Screening fungicides for control of Phytophthora root rot of caneberries (raspberry)
Project Code SCR07-004
Janice Elmhirst - Elmhirst Diagnostics and Research
Screen new fungicides with demonstrated activity against Oomycete diseases for potential control of Phytophthora root and crown rot of raspberry and crop tolerance
Summary of Results
Root and crown rot caused by Phytophthora fragariae var. rubi causes serious crop loss each year to raspberry growers in British Columbia, Ontario, Quebec and the Maritimes.
Of the two main raspberry cultivars grown in British Columbia, cultivar 'Malahat' is the most prone to disease and cultivar "Meeker", which comprises the vast majority of the processing crop, has become increasingly susceptible to disease in recent years, resulting in losses of 30-50% in many fields.
RIDOMIL GOLD 480 EC (metalaxyl-m) has been used for more than 10 years to control Phytophthora rubi, but in recent years, growers have not obtained good control of raspberry root rot with this product, probably due to the development of pathogen resistance to metalaxyl or increasing degradation of the product by soil microorganisms.
This experiment was therefore conducted with the objective of finding new reduced-risk fungicides to control Phytophthora in raspberries.
The experiment was conducted in Abbotsford, British Columbia. Raspberry plants (cultivar Meeker) from in vitro culture were transplanted into one gallon pots on August 10, 2007. The pathogen used to inoculate the raspberry plants was isolate AAFC #16184 of Phytophthora fragariae var. rubi. The plants were inoculated with Phytophthora rubi on September 14 and October 4, 2007.
The experiment was a randomized complete block design with four replicates per treatment. The treatments evaluated included 14 different fungicides as well as a non-inoculated control and a control inoculated with the fungus. The fungicide drenches were applied 48 hours prior to inoculation with the pathogen. Two fungicide treatments were applied by foliar spray 14 and 28 days later compared to the treatment by drench application. The products were applied once, at the highest rate recommended by the manufacturer.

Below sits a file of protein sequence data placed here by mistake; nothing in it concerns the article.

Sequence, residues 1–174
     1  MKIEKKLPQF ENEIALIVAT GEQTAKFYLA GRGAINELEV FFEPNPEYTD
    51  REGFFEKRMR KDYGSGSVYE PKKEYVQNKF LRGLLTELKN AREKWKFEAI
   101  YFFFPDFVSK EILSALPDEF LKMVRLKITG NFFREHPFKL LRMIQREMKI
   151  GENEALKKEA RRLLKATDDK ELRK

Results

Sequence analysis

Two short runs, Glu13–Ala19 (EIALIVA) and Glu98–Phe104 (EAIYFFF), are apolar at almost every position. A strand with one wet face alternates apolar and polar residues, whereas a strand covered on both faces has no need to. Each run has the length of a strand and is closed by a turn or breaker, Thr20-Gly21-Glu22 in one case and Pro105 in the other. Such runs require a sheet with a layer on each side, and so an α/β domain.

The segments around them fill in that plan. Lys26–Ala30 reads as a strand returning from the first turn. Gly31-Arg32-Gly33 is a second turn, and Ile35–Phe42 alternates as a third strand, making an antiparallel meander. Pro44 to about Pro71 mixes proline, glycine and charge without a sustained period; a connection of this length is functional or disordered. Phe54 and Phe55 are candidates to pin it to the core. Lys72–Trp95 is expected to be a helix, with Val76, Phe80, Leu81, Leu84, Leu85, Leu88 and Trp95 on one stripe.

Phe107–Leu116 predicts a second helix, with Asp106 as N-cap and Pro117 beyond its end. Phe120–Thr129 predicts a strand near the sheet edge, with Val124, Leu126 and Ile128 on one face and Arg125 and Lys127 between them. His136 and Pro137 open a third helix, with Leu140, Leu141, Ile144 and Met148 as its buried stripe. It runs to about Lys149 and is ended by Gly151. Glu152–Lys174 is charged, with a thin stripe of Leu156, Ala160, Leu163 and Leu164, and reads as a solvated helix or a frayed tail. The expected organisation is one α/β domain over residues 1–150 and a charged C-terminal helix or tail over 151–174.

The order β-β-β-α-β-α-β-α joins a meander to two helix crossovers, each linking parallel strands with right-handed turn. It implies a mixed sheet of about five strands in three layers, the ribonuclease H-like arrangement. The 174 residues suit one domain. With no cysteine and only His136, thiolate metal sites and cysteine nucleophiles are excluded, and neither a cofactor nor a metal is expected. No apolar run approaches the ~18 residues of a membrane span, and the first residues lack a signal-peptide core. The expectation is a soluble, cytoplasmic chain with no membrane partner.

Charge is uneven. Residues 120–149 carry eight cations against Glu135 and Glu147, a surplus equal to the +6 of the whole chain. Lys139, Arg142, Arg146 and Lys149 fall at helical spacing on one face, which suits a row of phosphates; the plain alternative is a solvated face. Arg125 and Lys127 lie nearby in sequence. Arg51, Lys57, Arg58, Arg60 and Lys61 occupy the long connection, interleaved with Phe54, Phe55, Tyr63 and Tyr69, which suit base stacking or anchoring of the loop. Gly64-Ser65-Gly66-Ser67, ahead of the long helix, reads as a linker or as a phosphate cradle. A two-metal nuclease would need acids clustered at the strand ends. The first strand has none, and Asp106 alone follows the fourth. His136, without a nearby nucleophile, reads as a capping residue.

The raspberry plants were evaluated for phytotoxicity 24, 48 and 72 hours after each fungicide application and again at one and two weeks. At the end of October, the plants were visually examined for foliar symptoms of root rot. Another visual examination of overall quality (growth, vigour, colour) was performed in mid-November, when the raspberry plants were harvested. At this time, the plants were removed from the pots and the roots were removed, washed, dried and weighed. The percent root rot was estimated and whole plant fresh weight was measured.
The most consistent quantitative factors measured within each treatment and the most reliable indicator of disease severity was root fresh weight and dry weight. The data obtained on the visual examination of plant quality were quite variable. This result could be due to the fact that the plantlets from in vitro culture were not all the same size at transplanting, which probably affected the final plant size. No foliar phytotoxic symptoms were observed in any of the treatments.
Crown rot could not be evaluated during this trial since root crowns do not form in raspberry plants in their first year of development following in vitro culture.
Pre-stop (Gliocladium catenulatum) was the fungicide that gave the best results in terms of root weight, percent root rot, whole plant weight and overall plant quality. Four other fungicides - Tanos (famoxadone + cymoxanil), Pristine (boscalid + pyraclostrobin), Compass (trifloxystrobin) and Curzate (cymoxanil) - yielded satisfactory results. These reduced-risk pesticides should be tested again in the future.
This trial was conducted from September to November and the cool temperatures, while favourable for P. rubi root infection, may have slowed disease progress and plant growth. In a previous study conducted from April to June under warmer conditions, Pristine (boscalid + pyraclostrobin) yielded the best results. The fungicides Allegro (fluazinam) and Ranman (cyazofamid) also performed well, reducing the level of root and crown rot.
In the future, it would be interesting to conduct other trials with the fungicides Allegro (fluazinam) and Ranman (cyazofamid) since temperature appears to affect their efficacy. Also, prevention of crown infection may have a greater impact on raspberry plants in the field than suppression of root rot alone. It would therefore be useful to conduct additional trials with raspberry plants that have root crowns.
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